Star Wars: Outlaws will be all about “what ‘open world’ means to the player”

The latest cover of Edge, which features Star Wars: Outlaws
(Image credit: Future PLC)

In the new edition of Edge, on sale now, Star Wars: Outlaws creative director Julian Gerighty explains how Ubisoft Massive wants to present a galaxy of gameplay options to create an unparalleled level of choice within the familiar sci-fi setting. 

A gun battle breaks out during the mission of our demo sequence, with iconic Star Wars blaster effects pinging all around, but we’re assured that it would also have been perfectly valid to stay in stealth mode all the way to where lead character Kay Vess’ speeder bike is located, never getting into a fight before making an escape. “We’re really focusing on what ‘open world’ means to the player,” Gerighty says, “which is full freedom of approach.”

This freedom links to the game’s factions – criminal syndicates within the Outlaw universe which can take a liking or disliking to Vess depending on the player’s actions. “If you’re in their good books,” Gerighty explains, “you’ll unlock exclusive quests, special prices at their vendors, access to locked-off areas. But if you’re in their bad books, they’re going to send people to chase you down – and there’ll be consequences in terms of credits, or some sort of monetary punishment, there.”

Our extensive cover story digs into many of the defining aspects of Ubisoft’s sprawling project, including why it was decided to set the game between the events of The Empire Strikes Back and Return Of The Jedi; the special visual effects the development team have created in order to give the production an authentic aesthetic; and how deep-space travel is being implemented, lending the game an entirely different dimension.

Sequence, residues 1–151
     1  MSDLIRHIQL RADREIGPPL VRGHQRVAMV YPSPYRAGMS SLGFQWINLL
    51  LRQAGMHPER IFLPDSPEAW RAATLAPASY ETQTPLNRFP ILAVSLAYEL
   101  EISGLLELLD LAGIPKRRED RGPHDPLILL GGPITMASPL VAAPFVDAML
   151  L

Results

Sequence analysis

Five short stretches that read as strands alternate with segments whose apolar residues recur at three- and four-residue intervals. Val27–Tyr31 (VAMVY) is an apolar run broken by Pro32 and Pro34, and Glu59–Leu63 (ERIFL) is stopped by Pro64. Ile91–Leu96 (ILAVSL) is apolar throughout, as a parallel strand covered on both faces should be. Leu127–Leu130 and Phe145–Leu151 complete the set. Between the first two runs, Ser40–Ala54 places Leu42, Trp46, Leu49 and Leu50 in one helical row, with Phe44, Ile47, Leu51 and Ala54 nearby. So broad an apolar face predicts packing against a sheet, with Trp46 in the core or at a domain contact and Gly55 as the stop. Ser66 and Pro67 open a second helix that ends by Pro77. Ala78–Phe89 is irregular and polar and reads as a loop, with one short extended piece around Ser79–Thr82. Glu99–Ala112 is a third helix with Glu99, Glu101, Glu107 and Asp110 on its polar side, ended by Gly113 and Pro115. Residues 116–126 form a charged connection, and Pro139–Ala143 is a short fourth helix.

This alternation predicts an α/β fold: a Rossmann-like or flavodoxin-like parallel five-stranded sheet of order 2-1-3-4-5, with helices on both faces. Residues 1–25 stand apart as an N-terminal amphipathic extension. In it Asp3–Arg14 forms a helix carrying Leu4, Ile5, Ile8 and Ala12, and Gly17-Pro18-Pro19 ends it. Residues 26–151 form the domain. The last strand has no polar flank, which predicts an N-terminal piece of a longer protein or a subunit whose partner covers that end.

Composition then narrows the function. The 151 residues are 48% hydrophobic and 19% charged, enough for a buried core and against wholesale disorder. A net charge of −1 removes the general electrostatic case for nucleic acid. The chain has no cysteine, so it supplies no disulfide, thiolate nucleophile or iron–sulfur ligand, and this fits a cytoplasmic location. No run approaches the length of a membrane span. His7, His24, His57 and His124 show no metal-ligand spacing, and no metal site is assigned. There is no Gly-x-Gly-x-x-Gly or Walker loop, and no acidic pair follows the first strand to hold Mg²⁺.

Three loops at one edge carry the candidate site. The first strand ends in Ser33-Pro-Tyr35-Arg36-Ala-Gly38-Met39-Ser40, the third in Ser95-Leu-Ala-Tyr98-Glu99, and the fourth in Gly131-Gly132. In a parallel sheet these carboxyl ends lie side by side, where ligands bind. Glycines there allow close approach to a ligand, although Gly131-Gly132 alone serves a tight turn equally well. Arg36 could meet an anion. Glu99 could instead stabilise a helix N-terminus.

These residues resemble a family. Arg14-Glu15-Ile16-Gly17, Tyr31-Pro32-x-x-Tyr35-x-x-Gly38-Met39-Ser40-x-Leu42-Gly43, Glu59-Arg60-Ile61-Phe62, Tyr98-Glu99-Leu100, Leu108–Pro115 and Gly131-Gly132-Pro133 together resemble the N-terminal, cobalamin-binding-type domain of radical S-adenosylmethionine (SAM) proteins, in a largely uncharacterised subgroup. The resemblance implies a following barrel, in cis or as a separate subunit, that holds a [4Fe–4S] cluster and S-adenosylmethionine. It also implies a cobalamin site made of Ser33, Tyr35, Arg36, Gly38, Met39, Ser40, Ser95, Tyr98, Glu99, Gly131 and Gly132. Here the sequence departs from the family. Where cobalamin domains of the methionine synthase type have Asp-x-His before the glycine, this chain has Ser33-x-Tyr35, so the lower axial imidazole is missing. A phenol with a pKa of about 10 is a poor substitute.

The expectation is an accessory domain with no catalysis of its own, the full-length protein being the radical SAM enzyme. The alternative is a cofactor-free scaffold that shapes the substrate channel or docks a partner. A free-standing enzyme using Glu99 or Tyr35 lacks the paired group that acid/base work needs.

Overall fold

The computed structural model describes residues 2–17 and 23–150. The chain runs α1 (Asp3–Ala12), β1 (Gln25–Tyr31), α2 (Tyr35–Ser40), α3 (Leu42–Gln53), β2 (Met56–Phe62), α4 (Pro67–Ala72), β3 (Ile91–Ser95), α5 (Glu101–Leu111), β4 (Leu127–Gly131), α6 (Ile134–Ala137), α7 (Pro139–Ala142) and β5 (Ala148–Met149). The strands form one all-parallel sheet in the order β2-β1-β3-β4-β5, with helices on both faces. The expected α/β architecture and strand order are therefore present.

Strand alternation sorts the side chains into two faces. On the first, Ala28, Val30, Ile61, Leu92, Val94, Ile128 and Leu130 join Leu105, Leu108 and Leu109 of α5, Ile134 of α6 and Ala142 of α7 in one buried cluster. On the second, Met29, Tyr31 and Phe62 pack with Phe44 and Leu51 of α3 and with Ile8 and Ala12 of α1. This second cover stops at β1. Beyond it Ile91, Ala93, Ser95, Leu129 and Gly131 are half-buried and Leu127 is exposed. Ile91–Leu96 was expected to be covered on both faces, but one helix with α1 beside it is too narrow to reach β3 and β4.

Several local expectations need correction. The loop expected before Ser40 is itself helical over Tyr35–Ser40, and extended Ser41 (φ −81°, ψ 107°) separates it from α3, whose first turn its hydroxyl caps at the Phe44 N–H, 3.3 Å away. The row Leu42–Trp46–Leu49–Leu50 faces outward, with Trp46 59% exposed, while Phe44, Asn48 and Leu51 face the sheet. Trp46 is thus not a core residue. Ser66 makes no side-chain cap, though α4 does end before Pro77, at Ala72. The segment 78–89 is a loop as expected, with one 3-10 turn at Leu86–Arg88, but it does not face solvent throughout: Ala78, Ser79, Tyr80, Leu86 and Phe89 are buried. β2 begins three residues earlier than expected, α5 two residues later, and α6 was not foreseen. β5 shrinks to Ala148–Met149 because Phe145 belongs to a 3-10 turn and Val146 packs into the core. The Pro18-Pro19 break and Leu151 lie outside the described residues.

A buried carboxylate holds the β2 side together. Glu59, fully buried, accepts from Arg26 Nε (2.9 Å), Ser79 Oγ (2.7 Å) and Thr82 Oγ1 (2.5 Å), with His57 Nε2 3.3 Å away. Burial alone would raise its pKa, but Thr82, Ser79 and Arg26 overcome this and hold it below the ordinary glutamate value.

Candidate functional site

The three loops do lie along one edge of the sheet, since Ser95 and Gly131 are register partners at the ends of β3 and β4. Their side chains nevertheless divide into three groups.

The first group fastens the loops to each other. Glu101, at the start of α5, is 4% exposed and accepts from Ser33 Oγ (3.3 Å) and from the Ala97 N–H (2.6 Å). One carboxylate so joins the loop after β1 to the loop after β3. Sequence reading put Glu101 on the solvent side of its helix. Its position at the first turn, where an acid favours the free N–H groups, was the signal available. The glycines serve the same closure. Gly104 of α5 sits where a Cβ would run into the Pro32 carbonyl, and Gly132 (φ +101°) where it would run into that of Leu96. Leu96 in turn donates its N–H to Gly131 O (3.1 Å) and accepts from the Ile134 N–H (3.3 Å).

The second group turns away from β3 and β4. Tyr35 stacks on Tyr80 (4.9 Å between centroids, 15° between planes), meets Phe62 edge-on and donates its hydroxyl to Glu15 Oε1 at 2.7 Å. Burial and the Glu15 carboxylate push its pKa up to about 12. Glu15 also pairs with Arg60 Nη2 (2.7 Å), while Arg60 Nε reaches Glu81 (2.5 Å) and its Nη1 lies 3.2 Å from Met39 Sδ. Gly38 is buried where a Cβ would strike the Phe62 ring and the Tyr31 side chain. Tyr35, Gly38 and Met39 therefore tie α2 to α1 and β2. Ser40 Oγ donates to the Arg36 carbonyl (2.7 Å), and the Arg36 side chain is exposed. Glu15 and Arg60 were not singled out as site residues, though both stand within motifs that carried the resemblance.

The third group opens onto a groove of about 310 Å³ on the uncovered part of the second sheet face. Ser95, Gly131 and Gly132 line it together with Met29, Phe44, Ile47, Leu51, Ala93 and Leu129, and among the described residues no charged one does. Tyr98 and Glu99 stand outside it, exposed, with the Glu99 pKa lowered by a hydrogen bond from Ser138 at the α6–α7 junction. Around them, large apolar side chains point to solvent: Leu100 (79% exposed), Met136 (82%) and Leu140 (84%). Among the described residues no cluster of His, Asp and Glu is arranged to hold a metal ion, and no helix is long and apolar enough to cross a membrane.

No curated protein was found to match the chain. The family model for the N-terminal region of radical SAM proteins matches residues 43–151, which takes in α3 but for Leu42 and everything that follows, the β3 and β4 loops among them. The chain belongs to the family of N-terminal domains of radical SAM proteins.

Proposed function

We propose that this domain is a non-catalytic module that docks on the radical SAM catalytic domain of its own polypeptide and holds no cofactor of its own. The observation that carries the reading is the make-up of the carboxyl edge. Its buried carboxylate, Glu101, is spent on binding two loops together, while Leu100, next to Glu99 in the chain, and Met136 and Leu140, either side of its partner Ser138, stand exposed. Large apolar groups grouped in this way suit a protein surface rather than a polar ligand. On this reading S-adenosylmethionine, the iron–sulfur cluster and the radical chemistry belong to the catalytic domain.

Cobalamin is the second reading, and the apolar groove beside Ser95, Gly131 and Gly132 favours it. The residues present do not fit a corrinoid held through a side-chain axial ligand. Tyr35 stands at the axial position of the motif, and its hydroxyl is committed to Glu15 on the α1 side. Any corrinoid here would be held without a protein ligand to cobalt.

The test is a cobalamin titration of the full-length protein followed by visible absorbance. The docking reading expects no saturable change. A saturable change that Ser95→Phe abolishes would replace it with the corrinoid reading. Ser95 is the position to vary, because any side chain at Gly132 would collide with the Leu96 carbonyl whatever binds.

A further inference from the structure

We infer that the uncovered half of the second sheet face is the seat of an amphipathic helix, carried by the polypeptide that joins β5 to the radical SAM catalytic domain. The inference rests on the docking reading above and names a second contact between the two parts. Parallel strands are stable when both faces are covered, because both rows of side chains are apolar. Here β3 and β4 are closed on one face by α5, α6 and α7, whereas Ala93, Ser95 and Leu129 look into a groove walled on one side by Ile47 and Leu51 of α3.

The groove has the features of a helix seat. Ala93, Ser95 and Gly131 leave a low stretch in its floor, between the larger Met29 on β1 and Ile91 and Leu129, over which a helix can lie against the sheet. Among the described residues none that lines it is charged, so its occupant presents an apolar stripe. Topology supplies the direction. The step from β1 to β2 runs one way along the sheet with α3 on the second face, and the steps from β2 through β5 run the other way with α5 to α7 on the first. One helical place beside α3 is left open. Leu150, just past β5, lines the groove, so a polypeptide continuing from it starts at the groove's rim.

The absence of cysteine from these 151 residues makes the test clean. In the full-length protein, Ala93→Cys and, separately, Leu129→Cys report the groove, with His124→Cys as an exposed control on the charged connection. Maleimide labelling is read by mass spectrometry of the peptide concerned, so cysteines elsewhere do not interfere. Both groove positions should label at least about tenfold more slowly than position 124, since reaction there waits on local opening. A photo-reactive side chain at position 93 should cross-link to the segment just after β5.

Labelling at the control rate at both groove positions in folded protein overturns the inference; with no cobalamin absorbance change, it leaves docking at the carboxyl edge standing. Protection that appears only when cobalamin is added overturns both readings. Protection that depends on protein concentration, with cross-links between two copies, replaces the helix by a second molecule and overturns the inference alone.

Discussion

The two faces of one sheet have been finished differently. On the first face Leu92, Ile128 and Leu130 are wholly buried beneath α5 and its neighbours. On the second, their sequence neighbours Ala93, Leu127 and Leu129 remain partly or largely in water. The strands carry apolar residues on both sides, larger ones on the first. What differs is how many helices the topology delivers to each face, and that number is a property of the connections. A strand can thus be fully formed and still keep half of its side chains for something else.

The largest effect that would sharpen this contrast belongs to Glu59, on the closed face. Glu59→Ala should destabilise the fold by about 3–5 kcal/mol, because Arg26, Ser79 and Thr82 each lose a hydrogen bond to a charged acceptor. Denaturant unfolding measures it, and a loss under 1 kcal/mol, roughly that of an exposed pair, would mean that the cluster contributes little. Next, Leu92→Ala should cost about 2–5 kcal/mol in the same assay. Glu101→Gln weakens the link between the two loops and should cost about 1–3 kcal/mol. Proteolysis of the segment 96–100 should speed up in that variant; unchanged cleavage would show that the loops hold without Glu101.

Star Wars: Outlaws is the lead game in a special summer preview edition of Edge featuring 100 games across all formats, with further highlights including Starfield, Fable, Final Fantasy VII Rebirth, Marvel’s Spider-Man 2, Super Mario Bros Wonder, Cyberpunk 2077: Phantom Liberty, and Prince Of Persia: The Lost Crown. 

In addition, Edge 387 tells the story behind the making of The Case Of The Golden Idol, talks to the founders of What The Golf? studio Triband Games, and weighs up the AR gaming opportunity presented by Apple’s Vision Pro. In Time Extend, meanwhile, we return to the post-Soviet miserabilism of STALKER: Shadow Of Chernobyl, and elsewhere explore the unstoppable rise of the interactive movie, and provide our final verdicts on new releases including Final Fantasy XVI, C-Smash VRS, and Oxenfree II: Lost Signals.

Edge Staff

Edge magazine was launched in 1993 with a mission to dig deep into the inner workings of the international videogame industry, quickly building a reputation for next-level analysis, features, interviews and reviews that holds fast nearly 30 years on.